They say variety is the spice of life, and it was certainly true that there was an assortment of health stories in the media this week.
The freesheet Metro shouted that “60 per cent of NHS trusts ‘fiddle their ratings’”, a story which once again pitted the Care Quality Commission against the Dr Foster Unit at Imperial College, in a battle over whose ratings were more accurate.
The Daily Mail honed in on hospital mangers in Leicester, under the headline “Take a holiday and save us cash, trust begs staff”
Health minister Mike O’Brien was quoted as saying the “NHS was less secretive than it once was”, making the health service sound a bit like the Stasi.
The Daily Mail honed in on hospital mangers in Leicester, under the headline “Take a holiday and save us cash, trust begs staff”. It claimed they had calculated they could save a significant chunk of their £35m a month wage bill by introducing career breaks, cutting hours and allowing staff to purchase extra holiday. The prospect of less work didn’t go down well with staff or unions.
The Independent opted to cover what it described as the “first big maternity protest since 1982”, which took place at the weekend in London. Around 2,000 protesters, armed with placards and buggies, called for “more midwives” and “safer birth”.
Meanwhile The Daily Telegraph launched a series of articles “examining how the NHS works and how it might be made better”.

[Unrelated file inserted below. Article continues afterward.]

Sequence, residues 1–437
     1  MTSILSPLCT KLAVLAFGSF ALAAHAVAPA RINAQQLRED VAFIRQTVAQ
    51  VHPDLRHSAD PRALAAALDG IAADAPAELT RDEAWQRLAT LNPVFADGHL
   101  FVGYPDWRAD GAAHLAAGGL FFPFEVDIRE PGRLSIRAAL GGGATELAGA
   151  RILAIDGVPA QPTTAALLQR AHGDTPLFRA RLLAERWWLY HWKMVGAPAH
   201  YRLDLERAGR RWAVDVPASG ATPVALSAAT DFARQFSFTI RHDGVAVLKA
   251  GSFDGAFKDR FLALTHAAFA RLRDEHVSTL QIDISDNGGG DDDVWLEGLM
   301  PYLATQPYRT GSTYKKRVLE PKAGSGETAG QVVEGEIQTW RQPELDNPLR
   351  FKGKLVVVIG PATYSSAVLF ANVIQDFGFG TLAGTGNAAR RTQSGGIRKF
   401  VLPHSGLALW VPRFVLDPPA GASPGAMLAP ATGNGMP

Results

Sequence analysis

Social care returned to the headlines, this time with a royal angle. Radio 4’s Today programme featured the Princess Royal Trust for Carers and Crossroads Care claiming that millions of pounds for respite breaks for carers had been diverted to plug deficits. The charities said less than a quarter of the £50m earmarked this year by the government had actually been used for respite breaks.
PCT Network director David Stout pointed out that it was generally up to PCTs how they spent their budgets, a point minister Phil Hope seemed unable to dispute when challenged on it.
The nationals also noted that health secretary Andy Burnham had said two week referral targets for cancer and various health checks would be added to the NHS constitution on 1 April and therefore made law. Not an early April Fool’s Day prank, we trust.